Countdown owner Progressive Enterprises has confirmed it received $1 million to $2 million from a liquor company, but denies the payment was one of those Labour MP Shane Jones has alleged the supermarket chain demanded from its suppliers.
After Mr Jones' claims in Parliament this week, industry sources have told the Herald payments of up to $2 million were made to Progressive by liquor suppliers to ensure their products remained on supermarket shelves.
Progressive's confirmation came yesterday as Prime Minister John Key gave his backing to a Commerce Commission investigation into Mr Jones' claims.
Mr Jones picked a fight with one of Australasia's biggest companies, Woolworths, this week when he alleged in the House that its subsidiary Progressive Enterprises was using standover tactics to force retrospective payments from New Zealand suppliers.
Progressive Enterprises managing director Dave Chambers, who has rejected Mr Jones' allegations, yesterday said his company had recently negotiated payments of $1 million to $2 million from a local alcohol supplier whom he would not name.
But the payment was "nothing about a retrospective charge ... it was about a change in the deal".
"There was an agreed change between the two parties to the way trade was done with an unintended consequence that valuations as had been intended didn't come about.
"So when that was realised, that was raised between the parties and then agreed that, okay, that wasn't in keeping with the deal and so the deal was squared up. I'm very comfortable with our position on that," he said.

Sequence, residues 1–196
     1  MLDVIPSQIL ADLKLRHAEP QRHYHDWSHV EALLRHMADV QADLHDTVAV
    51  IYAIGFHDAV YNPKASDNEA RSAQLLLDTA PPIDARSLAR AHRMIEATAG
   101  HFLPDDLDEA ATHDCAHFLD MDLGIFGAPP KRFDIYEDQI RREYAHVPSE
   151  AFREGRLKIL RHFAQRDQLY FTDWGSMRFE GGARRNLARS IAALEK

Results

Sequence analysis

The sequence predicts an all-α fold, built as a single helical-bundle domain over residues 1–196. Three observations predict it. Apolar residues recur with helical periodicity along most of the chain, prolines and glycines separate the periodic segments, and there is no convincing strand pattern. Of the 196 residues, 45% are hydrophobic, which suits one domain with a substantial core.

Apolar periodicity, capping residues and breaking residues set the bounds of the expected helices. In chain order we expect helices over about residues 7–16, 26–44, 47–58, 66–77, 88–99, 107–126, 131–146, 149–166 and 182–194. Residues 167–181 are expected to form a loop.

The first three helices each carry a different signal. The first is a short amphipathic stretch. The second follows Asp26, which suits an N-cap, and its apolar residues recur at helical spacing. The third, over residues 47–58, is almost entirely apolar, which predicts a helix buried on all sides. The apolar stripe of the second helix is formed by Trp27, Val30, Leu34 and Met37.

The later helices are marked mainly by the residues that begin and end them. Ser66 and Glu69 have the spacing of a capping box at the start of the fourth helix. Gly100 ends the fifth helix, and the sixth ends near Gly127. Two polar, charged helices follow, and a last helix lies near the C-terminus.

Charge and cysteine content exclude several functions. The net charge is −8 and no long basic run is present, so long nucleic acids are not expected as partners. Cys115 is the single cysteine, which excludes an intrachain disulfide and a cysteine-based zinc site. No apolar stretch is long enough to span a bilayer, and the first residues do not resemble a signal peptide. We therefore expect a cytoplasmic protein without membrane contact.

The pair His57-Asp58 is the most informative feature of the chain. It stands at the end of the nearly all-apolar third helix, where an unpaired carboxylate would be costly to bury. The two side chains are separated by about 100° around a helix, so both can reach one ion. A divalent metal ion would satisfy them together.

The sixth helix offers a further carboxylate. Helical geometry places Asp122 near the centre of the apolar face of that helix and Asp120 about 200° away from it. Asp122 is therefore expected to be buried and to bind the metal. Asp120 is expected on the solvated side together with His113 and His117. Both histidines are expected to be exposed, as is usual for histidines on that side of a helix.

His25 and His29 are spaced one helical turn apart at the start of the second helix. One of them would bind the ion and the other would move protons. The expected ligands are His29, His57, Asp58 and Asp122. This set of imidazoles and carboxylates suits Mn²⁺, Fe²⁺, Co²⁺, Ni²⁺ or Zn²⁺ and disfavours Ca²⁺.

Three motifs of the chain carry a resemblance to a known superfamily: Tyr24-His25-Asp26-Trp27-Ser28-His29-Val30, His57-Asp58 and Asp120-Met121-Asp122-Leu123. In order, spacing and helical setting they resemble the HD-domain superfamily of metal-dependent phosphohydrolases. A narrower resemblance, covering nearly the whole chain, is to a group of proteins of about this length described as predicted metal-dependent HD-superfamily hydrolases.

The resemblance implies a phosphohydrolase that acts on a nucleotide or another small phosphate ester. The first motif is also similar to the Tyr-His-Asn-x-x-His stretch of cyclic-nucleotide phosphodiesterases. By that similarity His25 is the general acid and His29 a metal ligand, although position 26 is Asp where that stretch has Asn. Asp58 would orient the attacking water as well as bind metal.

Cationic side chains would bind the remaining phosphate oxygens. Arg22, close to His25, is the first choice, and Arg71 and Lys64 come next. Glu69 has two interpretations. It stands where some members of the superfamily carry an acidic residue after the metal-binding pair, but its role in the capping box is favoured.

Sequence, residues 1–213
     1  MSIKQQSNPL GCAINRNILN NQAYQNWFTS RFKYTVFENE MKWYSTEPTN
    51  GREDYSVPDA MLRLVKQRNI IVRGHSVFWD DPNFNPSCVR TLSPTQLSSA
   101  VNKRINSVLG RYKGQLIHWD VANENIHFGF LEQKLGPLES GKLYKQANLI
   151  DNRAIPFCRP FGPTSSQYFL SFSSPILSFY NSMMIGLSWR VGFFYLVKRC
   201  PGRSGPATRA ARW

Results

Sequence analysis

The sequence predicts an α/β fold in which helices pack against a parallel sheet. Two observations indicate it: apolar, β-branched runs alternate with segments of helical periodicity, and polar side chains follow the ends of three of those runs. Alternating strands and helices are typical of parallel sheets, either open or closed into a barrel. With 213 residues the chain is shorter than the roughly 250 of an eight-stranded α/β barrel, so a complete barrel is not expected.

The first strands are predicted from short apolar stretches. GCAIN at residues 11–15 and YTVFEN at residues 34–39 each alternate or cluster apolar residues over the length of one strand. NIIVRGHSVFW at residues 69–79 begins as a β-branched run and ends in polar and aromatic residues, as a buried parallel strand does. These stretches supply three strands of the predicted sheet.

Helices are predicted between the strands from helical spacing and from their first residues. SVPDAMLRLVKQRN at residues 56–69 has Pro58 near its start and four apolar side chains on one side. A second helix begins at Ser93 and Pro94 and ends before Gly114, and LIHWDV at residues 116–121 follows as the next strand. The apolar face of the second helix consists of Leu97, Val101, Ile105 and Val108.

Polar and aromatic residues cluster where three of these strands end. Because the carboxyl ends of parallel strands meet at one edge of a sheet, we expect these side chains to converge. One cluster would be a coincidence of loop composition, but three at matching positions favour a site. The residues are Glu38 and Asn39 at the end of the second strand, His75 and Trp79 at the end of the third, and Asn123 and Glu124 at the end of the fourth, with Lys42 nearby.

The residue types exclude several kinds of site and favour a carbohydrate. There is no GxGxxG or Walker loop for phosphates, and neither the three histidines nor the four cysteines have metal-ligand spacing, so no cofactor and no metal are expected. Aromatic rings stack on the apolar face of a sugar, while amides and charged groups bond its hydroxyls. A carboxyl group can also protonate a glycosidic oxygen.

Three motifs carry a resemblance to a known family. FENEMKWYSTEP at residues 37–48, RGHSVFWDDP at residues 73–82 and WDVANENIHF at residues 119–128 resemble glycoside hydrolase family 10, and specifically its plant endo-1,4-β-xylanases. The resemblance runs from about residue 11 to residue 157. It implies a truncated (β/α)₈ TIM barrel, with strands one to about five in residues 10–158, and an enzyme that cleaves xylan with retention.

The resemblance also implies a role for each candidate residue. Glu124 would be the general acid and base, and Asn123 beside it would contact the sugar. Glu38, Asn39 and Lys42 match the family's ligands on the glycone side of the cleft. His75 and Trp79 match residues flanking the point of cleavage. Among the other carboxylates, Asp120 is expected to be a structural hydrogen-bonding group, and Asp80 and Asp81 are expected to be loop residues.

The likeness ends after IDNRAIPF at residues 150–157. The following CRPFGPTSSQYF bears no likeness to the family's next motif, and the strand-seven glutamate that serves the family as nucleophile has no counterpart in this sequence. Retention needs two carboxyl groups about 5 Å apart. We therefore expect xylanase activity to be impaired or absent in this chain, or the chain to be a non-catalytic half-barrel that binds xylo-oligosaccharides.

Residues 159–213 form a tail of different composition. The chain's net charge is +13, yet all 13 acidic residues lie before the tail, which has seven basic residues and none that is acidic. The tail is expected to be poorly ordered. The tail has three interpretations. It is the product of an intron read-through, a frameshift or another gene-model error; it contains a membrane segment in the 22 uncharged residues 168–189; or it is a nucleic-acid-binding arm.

Leading alcohol suppliers yesterday refused to comment.
Earlier, Mr Chambers said Progressive would co-operate fully with Commerce Commission inquiries.
"If any MP or supplier has questions or concerns about our business they are welcome to contact us directly to discuss them."
Mr Jones claims suppliers had told him they had been called to meetings with the supermarket chain's managers, who demanded recompense for losses incurred last year.
"And if they don't pay these cheques, they are being told no shelf space into the future."
Mr Jones set out his allegations in a letter to the Commerce Commission yesterday.
Commission chairman Mark Berry said it was taking steps "to ascertain the basis of the allegations and whether the behaviour is a breach of the Commerce Act".
He urged anyone with information relevant to the allegations to come forward.
Both Mr Jones and Food and Grocery Council chairman Pierre van Heerden called for the commission to grant anonymity to any suppliers who came forward as the commission's Australian counterpart did when it investigated similar allegations there last year.
The commission has yet to decide whether to start a formal investigation but Mr Key yesterday said it would be "a good idea".
Commerce Minister Craig Foss also effectively pressured the commission to conduct an investigation. He had written "to bring it to their attention so that I'm kept informed of their activity in this space".
Mr Jones' letter of complaint to the commission was deemed so sensitive that Parliament's Clerk of the House took the rare step of refusing to publicly release it yesterday after it was tabled in the House due to the risk of defamation from Progressive Enterprises.